Through our operating company, we applied to both the USDA and Nebraska Department of Agriculture programs available at the time. The NDA had a very nice Beginning Farmer Tax Credit for landowners who rented their land to beginning farmers. After multiple attempts through both programs, we were informed we didn't meet the qualifications of beginning farmers. I don't remember all the specifics, but because my wife and I had put money in our company's 401K matching funds program (money we couldn't realisticly touch for 30 years...); we were deemed too affluent for our landowners to qualify for the NDA tax credit. Since we were in the operating company with my brother, he was disqualified too - even with a four figure balance sheet. As you can imagine, all of this resulted in not so pleasant conversations with our landowners about why they weren't going to be getting a tax credit - even though they pretty clearly rented to beginning farmers. From that point, we abandoned examining these types of programs.

All's well that ends well, though. Both my brother's and my family are flourishing and we got to experience one of the golden ages in agriculture. The landowners that chose us in the beginning are still very much with us today. While certainly not over, the ending looks pretty pleasant right now. I'm sure there are other beginning farmer stories that didn't go according to plan.

In regards to the single biggest program that I think would help, my recommendation would be to waive capital gains taxes on land sales to an operating farmer, in the same or neighboring county, with at least three years on record with USDA, but not more than ten. No other qualification rules, other than the purchaser would have to qualify for financing through normal channels (non-USDA loans) - either the purchaser has to have brought some money "home" with them, made some money in their years of farming, or mom and dad have to put some collateral in the game to help get junior started. This way you have a good bet that the beginning farmer might actually "make it". Retiring landowners could seek out this class of operators while they are still alive and have the final word on who ends up with their land - not their estate or the auctioneer. The seller could choose a lower bid from this group if they wanted because of the tax savings. The purchaser inherits the seller's tax basis, so if they want to make a quick buck and abuse the program by flipping the land, they now owe the capital gains taxes. Inter-family sales would be allowed because of the transfer in tax basis. The first road block people will put up is the "cost" because of the loss in capital gains taxes. Lets face it, once this land goes through a well planned estate, there is very little chance capital gains taxes would have been paid anyway, so the true cost would be very, very low.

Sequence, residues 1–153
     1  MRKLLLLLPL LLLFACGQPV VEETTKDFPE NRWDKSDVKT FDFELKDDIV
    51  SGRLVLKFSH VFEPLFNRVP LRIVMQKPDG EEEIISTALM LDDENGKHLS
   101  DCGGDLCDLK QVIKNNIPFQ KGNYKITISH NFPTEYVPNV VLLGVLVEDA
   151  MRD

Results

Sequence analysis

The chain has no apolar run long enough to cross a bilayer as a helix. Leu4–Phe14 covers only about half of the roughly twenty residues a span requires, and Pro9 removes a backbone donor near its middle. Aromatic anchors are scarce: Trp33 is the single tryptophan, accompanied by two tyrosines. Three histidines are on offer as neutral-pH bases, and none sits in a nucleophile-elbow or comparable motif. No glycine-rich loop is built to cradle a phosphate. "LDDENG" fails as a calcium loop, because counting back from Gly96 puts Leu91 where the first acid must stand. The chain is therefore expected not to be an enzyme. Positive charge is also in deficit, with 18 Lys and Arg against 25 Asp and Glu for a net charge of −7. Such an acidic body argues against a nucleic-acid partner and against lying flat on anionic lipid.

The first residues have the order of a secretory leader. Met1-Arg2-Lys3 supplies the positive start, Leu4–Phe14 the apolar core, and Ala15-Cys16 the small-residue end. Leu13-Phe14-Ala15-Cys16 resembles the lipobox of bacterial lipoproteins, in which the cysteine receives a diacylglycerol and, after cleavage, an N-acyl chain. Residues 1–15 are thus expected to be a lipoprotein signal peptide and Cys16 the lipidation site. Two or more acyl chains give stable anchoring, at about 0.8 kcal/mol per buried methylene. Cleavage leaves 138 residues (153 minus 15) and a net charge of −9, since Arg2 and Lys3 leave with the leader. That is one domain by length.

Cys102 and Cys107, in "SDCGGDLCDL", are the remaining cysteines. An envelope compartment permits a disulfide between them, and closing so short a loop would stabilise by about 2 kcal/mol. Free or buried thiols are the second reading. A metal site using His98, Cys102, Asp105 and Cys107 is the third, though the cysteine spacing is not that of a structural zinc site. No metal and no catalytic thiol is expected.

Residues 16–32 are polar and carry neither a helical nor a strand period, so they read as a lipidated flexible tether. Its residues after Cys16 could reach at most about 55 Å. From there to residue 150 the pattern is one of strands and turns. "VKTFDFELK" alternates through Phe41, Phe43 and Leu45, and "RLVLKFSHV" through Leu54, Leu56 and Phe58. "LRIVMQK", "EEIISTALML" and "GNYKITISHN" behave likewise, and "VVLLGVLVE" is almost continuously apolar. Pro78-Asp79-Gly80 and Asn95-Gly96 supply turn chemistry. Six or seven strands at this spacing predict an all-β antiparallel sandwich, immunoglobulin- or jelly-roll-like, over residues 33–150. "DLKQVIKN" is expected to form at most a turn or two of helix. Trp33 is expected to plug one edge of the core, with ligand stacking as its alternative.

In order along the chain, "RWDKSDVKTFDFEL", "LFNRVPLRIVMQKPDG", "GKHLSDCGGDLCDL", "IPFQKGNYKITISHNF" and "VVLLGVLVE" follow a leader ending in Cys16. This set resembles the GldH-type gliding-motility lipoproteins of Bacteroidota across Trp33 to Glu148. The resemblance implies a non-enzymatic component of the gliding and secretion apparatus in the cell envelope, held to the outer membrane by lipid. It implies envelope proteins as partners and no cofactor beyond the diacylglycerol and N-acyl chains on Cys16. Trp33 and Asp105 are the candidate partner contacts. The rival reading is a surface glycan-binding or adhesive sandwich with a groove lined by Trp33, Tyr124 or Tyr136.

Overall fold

It's pretty hard to farm without land, and 12 years later, I can't think of any more effective program to put land in beginning farmers hands while they are in that 25 to 40 year old range. All the government sponsored education and university grants does very little to put land in beginning farmers hands, while I feel the capital gains waiver would be very effective; and cost virtually nothing in the long run. Take a step further and waive income taxes on seller financed interest income and you have an absolute home run. Talk about outcome instead of output.